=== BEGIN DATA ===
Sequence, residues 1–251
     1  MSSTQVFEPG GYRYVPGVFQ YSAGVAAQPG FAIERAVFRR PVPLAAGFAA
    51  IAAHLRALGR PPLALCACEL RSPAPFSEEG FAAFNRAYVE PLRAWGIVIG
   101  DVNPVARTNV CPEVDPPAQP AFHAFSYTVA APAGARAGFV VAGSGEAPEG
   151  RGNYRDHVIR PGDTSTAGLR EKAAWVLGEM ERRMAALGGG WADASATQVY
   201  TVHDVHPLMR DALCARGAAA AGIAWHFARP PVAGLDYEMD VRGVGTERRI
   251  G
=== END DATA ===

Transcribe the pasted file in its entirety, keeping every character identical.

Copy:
Sequence, residues 1–251
     1  MSSTQVFEPG GYRYVPGVFQ YSAGVAAQPG FAIERAVFRR PVPLAAGFAA
    51  IAAHLRALGR PPLALCACEL RSPAPFSEEG FAAFNRAYVE PLRAWGIVIG
   101  DVNPVARTNV CPEVDPPAQP AFHAFSYTVA APAGARAGFV VAGSGEAPEG
   151  RGNYRDHVIR PGDTSTAGLR EKAAWVLGEM ERRMAALGGG WADASATQVY
   201  TVHDVHPLMR DALCARGAAA AGIAWHFARP PVAGLDYEMD VRGVGTERRI
   251  G